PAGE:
Martin settled. The Norns sent lightning to settle the score.

A challenge to readers

“Everything is working its way to ultimate doom,” said Lange of the Viking sense of tragedy that infuses Dragons.

Lange said his favorite verse of the story is when Olav steers his boat toward the horizon and setting sun. Lange said that moment when a person commits to striking out is “exciting.”

Lange was nursing a broken heart emptied by the love he thought would last the rest of his life the summer he heard Martin’s story. He wrote the poem at their campsite on a homemade desk.

(His buddy wasn’t satisfied with a “simple campsite,” said Lange.)

Lange jokes that his wife, Ida, is holding out for the Dream of Dragons movie. He also says that Ida teases him by saying that early in their romance, she fell in love with Dragons before she fell in love with him. The couple married in 1959.

Ida has urged Lange for years to publish Dragons, he said.

Lange said he finally pulled the saga from the file cabinet because “it was time.”

Poetry, he said, has “always been there one way or another.”

Lange said he remembers writing “la, la, la” poetry as early as 1939 on prescription pads in the back of his grandfather’s pharmacy.

“Lange is a storyteller par excellence,” said Ib Bellew, publisher at Bunker Hill Publishing, an independent publishing house in New Hampshire that specializes in books on the arts, photography, science, and history, as well as children’s titles.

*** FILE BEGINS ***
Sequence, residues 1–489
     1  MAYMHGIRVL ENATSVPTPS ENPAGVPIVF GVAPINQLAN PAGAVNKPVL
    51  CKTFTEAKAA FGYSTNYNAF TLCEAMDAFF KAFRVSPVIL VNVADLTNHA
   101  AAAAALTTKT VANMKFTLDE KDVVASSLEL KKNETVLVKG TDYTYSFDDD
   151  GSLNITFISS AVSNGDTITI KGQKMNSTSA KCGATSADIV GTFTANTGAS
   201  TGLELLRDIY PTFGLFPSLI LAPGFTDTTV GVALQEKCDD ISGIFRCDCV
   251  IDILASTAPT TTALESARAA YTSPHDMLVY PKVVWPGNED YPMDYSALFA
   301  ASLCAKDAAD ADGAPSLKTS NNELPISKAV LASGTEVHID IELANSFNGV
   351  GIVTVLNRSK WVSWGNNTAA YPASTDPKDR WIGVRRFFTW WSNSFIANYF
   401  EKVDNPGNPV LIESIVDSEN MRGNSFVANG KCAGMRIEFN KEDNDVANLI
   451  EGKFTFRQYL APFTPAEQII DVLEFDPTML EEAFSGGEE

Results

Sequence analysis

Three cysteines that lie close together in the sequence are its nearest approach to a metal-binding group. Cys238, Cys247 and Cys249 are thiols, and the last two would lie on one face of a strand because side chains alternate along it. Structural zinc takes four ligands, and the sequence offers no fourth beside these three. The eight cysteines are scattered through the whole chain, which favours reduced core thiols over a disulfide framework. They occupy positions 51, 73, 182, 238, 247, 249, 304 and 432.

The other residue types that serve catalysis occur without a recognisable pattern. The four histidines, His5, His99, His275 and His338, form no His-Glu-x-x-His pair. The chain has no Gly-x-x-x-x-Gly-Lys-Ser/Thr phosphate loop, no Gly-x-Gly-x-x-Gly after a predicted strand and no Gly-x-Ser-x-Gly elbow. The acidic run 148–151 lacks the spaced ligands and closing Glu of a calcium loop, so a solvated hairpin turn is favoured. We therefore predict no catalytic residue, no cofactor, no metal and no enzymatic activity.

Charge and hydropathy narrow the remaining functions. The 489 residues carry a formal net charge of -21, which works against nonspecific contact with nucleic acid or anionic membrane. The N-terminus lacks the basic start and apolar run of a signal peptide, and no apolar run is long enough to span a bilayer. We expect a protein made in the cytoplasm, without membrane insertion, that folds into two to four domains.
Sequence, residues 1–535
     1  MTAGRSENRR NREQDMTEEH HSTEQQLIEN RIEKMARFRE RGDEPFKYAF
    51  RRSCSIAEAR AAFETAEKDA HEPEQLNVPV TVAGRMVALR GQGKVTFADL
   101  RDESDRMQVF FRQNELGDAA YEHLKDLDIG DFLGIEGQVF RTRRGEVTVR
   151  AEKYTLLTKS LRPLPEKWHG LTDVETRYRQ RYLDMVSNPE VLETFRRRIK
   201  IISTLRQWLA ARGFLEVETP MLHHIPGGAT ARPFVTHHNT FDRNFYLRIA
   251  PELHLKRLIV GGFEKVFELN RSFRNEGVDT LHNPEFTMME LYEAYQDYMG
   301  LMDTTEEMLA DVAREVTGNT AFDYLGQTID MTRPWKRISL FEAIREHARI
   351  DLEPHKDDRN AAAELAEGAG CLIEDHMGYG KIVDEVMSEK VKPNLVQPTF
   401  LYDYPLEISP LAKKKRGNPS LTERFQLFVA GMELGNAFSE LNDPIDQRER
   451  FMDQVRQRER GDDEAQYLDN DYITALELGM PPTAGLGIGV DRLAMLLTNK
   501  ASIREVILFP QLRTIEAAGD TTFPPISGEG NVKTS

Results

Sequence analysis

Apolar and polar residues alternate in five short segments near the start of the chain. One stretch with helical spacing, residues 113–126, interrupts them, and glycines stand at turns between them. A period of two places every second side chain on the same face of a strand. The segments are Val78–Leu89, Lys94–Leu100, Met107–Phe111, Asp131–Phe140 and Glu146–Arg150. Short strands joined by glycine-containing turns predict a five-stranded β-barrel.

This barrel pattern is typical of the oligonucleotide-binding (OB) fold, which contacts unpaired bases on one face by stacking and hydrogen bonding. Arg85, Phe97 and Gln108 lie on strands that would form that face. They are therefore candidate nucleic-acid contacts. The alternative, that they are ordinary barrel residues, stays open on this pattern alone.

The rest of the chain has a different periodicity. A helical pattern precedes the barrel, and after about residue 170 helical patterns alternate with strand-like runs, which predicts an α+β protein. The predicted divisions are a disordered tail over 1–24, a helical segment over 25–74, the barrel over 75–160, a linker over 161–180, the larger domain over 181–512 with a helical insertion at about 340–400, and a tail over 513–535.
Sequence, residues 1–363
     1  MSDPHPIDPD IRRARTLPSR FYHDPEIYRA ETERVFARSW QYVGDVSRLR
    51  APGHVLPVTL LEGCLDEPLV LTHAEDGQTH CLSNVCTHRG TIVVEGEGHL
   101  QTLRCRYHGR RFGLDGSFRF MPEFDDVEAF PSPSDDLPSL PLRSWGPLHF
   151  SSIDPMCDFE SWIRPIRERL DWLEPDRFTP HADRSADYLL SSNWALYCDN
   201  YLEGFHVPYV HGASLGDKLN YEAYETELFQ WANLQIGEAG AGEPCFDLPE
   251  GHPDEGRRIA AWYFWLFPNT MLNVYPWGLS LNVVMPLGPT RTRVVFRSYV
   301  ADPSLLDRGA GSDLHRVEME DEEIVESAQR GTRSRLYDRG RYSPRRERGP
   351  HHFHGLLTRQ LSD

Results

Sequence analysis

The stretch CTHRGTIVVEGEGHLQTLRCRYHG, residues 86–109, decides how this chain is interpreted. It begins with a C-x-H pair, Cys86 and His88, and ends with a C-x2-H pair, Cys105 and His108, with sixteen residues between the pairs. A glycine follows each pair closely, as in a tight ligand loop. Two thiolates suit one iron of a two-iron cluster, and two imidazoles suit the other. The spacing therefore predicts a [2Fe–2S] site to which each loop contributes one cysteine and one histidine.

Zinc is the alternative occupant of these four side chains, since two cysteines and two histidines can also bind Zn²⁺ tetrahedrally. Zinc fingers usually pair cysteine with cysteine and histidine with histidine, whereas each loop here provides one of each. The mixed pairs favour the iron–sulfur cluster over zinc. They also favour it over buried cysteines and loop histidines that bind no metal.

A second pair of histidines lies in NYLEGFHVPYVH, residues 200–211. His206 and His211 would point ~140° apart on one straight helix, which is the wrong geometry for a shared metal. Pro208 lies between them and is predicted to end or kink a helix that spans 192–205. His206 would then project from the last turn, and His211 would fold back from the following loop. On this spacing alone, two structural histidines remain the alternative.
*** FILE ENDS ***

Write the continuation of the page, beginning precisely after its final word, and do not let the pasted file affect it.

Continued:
Bellew said Lange’s skill as a storyteller and local following contributed to Bunker Hill’s decision to step outside its normal subjects and publish an epic poem.

The challenge with publishing poetry is readers’ openness to reading it, said Bellew.

Also, Bellew said, Lange is not widely known as a poet.

Bunker Hill has sold about half of its 1,500-copy first printing , Bellew said.

Dragons marks Lange and Azarian’s first book collaboration. Azarian, of Plainfield, said she illustrated some of Lange’s columns for a newspaper in 1982.

“They were fun,” she said.

Azarian, who said her illustration of Odin as the old beggar is her favorite, creates her illustrations using woodcut prints. Her alphabet images graced the walls of many Vermont K-3 grade classrooms. She has also illustrated more than 50 books, including Snowflake Bentley, written by Jacqueline Briggs Martin, which won the the Caldecott Award for the best illustrated picture book of 1999.

Azarian said Dragons struck her as “such a compelling story” that it was hard for her to cut down the number of illustrations she wanted to make to the final six that appear in the book.

Living by impulse

Azarian and Lange shared their own responses to the times in their life where fate showed its hand.

Azarian said she has found it’s best for her not to force big life decisions.

“I slide my way through,” she said.

“I tend to be impetuous,” said Lange. “The longer you wait, the colder the water will be.”

In 1959, he said, he “impetuously” jumped out of a dirty work site to chase a passing woman. The woman was Ida.

Lange thinks following that impulse worked out well.

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Originally published in The Commons issue #103 (Wednesday, June 1, 2011).